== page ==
A new a disturbing crime dubbed 'Sextortionist', is a practice that involves a Webcam Trojan used by hackers to surreptitiously take pictures and search the infected PC for explicit photos. Through this method, a hacker would obtain control of the PC spreading the infection to friends of the infected PC's owner from a message containing a Trojan.
The FBI has found out that cybercriminals are mainly targeting teenage girls in a new 'Sextortionist' attack. During the attack, hackers are able to spread a Webcam Trojan onto many computers through an e-mail that contains a Trojan attachment. The email has been discovered by the FBI (Federal Bureau of Investigation) to be presented as a 'scary video' enticing computer users to open it and download the attachment. The FBI has also discovered that the hackers will use social networks to help spread the Trojan.
So far the Sextortionist attackers have used a variety of screen names and email addresses to keep their real identity hidden. The FBI has listed many of the uncovered names and email addresses on their news website. We have also listed the identified email addresses and screen names below.
Identified screen names and email addresses used by Sextortionist hackers
There was just recently a case where authorities uncovered stolen x-rated pictures posted by a hacker on Facebook. Now it seems we are faced with hackers using aggressive tactics to extort explicit images from people's computers while secretly using their web cam to take photos of them without their knowledge. Could this be a start to an epidemic of hackers obtaining explicit images to blackmail and extort young female computer users?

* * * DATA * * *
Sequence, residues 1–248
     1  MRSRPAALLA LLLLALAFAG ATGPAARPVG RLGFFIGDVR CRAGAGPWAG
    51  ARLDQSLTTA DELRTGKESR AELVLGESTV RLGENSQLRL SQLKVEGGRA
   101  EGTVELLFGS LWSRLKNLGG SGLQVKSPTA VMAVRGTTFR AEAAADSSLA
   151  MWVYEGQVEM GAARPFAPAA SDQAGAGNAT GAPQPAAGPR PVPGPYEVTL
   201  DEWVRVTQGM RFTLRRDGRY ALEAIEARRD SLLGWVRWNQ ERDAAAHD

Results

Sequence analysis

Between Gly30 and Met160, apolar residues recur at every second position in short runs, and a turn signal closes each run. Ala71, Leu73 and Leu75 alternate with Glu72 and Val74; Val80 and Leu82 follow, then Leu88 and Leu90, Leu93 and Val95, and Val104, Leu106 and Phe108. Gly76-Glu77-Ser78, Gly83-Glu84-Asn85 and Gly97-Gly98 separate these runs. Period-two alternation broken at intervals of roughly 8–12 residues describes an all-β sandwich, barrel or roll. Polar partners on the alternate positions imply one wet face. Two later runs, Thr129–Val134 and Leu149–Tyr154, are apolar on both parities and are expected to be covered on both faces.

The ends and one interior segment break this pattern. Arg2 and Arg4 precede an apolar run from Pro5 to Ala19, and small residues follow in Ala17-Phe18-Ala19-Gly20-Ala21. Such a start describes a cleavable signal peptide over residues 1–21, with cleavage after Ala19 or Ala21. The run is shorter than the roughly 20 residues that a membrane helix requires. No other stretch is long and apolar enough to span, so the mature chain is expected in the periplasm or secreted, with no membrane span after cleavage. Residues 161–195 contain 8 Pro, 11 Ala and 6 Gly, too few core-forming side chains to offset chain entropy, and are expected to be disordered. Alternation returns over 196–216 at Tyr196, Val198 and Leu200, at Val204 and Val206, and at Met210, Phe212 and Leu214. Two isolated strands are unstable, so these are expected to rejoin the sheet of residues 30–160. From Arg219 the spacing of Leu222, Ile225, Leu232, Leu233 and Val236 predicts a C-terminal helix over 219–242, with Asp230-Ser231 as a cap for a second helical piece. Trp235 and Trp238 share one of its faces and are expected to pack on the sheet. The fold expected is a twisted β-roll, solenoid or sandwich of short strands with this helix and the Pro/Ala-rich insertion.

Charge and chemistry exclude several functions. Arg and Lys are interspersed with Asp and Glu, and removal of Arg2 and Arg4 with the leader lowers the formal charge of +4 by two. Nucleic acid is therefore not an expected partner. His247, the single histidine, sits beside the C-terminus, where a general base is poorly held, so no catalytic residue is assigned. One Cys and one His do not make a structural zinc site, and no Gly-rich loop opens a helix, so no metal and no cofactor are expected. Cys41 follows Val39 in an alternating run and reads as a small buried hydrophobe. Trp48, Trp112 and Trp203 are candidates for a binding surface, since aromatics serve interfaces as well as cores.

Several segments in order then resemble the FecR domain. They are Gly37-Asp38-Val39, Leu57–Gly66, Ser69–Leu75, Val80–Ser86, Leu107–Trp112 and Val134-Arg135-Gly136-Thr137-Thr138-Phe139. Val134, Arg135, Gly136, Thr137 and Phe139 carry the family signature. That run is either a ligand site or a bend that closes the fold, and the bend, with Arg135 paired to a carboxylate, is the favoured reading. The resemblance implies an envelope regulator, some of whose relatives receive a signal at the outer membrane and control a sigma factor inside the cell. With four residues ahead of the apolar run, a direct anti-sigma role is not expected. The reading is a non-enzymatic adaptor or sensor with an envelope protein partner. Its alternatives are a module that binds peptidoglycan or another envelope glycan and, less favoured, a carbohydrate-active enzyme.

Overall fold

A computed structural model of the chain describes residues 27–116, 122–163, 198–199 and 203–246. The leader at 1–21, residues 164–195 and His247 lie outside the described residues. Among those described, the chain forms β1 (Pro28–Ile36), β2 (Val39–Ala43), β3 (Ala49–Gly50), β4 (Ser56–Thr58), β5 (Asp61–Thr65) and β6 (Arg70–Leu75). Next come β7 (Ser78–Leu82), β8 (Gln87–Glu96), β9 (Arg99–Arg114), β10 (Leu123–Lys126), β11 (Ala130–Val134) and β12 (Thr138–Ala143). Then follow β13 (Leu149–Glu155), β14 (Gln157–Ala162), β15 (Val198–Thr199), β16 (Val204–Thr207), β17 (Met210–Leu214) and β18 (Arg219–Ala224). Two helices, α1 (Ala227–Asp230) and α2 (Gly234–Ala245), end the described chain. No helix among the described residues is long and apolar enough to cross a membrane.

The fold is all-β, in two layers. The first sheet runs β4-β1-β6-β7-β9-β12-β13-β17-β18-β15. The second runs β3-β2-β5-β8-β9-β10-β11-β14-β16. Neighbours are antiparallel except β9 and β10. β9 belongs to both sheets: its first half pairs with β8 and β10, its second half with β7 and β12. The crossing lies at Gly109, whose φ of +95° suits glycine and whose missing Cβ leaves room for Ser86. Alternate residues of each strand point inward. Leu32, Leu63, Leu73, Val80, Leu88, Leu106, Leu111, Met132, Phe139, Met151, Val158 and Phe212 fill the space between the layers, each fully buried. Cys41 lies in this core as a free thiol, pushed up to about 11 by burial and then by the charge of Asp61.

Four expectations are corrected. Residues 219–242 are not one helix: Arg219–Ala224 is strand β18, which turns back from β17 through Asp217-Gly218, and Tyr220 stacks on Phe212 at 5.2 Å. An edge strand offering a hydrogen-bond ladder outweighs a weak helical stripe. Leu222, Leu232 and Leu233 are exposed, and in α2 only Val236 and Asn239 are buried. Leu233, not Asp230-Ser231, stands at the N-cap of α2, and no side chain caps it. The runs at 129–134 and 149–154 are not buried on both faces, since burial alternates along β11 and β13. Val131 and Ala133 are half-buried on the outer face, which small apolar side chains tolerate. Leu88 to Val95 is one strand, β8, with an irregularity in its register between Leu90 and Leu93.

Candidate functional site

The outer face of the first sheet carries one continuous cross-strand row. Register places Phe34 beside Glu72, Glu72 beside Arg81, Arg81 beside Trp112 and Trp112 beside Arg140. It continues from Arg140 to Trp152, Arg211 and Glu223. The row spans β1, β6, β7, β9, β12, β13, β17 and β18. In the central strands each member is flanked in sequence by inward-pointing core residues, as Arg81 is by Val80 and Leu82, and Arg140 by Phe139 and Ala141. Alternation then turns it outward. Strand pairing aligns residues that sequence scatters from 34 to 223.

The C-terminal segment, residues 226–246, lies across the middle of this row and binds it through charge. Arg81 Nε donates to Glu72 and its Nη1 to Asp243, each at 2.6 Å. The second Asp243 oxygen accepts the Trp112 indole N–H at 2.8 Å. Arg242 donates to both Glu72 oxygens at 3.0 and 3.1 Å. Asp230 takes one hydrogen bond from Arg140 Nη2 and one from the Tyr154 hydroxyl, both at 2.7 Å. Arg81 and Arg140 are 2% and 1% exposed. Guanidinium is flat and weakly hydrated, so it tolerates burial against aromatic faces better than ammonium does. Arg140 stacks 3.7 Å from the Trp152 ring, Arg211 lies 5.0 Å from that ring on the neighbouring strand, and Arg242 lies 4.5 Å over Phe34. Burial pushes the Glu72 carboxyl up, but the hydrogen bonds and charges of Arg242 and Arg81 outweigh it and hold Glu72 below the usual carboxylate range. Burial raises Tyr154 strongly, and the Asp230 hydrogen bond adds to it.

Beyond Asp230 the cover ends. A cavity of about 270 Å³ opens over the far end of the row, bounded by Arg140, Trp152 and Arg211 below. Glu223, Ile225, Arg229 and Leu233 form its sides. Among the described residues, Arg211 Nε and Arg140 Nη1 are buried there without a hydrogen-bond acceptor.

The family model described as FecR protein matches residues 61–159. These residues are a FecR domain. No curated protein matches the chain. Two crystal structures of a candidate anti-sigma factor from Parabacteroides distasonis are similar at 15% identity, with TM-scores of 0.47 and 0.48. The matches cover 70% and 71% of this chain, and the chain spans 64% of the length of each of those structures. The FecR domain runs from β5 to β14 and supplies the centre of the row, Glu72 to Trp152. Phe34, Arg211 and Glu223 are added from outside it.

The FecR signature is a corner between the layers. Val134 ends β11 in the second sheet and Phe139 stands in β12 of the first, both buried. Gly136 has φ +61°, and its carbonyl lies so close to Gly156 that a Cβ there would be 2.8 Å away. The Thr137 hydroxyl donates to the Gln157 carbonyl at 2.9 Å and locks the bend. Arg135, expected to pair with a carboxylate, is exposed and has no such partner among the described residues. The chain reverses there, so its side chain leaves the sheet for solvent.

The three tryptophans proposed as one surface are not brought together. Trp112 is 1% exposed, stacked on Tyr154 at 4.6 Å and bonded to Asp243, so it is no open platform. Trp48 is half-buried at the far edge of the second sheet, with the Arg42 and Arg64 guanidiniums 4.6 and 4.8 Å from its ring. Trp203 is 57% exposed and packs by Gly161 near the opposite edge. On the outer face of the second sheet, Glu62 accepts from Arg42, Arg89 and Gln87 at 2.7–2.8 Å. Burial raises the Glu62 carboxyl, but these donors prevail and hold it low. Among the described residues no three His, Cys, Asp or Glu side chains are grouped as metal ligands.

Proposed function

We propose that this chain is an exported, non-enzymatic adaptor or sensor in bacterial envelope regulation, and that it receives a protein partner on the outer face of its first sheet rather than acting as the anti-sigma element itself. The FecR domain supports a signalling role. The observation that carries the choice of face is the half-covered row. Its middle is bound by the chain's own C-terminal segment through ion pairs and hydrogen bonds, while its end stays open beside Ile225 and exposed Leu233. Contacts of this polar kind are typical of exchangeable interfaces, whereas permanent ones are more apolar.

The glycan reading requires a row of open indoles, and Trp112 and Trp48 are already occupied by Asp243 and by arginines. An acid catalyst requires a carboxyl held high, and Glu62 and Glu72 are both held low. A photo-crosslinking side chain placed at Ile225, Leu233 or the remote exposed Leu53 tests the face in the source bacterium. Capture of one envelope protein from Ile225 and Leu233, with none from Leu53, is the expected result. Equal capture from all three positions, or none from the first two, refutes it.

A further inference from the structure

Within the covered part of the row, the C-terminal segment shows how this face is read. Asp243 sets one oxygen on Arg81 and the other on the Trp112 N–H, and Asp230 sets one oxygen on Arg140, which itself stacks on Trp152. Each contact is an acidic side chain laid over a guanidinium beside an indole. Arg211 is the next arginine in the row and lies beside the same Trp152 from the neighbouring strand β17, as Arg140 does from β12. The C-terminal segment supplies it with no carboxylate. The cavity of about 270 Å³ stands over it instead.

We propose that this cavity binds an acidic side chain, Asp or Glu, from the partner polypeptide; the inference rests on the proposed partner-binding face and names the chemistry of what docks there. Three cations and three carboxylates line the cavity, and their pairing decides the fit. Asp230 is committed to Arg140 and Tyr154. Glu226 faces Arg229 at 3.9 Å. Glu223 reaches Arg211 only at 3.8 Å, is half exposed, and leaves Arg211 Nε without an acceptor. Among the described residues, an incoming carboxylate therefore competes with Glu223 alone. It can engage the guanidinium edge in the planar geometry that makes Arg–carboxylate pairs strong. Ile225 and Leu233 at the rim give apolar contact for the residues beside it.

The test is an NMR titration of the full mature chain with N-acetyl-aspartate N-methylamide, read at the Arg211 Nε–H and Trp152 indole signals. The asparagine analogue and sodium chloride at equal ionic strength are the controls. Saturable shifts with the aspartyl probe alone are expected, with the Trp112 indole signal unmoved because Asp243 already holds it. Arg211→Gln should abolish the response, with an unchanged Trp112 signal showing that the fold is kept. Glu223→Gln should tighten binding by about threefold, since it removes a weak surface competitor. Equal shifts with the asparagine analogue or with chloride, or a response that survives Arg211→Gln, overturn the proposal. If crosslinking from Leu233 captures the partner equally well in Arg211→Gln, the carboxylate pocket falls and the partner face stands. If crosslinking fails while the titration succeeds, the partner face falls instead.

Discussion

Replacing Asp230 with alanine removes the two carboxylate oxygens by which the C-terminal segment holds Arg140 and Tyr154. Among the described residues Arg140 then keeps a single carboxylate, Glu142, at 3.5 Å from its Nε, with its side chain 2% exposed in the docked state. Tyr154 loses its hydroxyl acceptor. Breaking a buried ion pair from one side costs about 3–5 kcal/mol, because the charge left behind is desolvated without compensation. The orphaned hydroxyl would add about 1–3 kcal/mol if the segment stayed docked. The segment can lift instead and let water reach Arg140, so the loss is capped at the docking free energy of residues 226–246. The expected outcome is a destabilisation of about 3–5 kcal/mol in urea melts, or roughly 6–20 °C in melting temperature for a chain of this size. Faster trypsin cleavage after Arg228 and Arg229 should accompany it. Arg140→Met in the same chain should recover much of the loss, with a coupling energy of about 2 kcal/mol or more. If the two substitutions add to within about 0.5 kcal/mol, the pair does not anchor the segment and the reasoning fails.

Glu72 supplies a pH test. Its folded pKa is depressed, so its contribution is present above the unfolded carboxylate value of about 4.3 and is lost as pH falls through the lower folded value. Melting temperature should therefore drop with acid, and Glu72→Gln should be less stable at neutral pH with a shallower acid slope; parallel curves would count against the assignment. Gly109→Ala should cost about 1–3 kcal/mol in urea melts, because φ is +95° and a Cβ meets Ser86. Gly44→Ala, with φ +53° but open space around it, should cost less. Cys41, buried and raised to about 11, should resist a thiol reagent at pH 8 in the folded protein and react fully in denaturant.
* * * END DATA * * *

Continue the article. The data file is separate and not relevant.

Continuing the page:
The FBI has said that the Sextortionist hackers will basically take control of a victim's computer, usually belonging to a young female, and secretly enable her webcam and microphone to spy on her until there is an optimal time to take an explicit photo or video. To further complicate things, the FBI has added that these hackers will threaten to expose her secrets unless his/her demands are met.
The case of Sextortionist is slightly different from other computer intrusions using sophisticated malware. Hackers have been using spyware for years to steal financial information and identities but now it seems they are using such software for the extortion of sexually explicit images which is where the term 'Sextortionist' comes from.
The investigators from the FBI that discovered the Sextortionist case are surprised how easy it is for the hackers to compromise a victims PC. A hacker would infect one computer and then utilize a social network or bogus email to help spread the infection through a method called "spear phishing". The act of spear phishing is basically an element of surprise where the victim does not realize what happened to them until it is too late. Think of it as a Facebook user clicking on some type of enticing message or button not knowing that they unwillingly gave a hacker access to their profile.
This sounds all-too-familiar. There have been several other cases that we have reported on in the past where online victims are presented with some type of enticing message or email that persuades them to click on it or open it up. It is highly advisable that computer users always use caution with anything that may appear too good to be true or something that is tempting to click on. You have to understand, hackers know how to be persistent in spreading their malware and will use aggressive methods to get your attention, potentially making you their next victim.
Do you think there is some type of value for hackers to obtain explicit images from unsuspecting young females over the Internet? Do you fear that they may be selling these explicit images?
The FBI has asked that if you have seen activity from any of the listed email addresses or screen names above that you contact them at their tips website: https://tips.fbi.gov/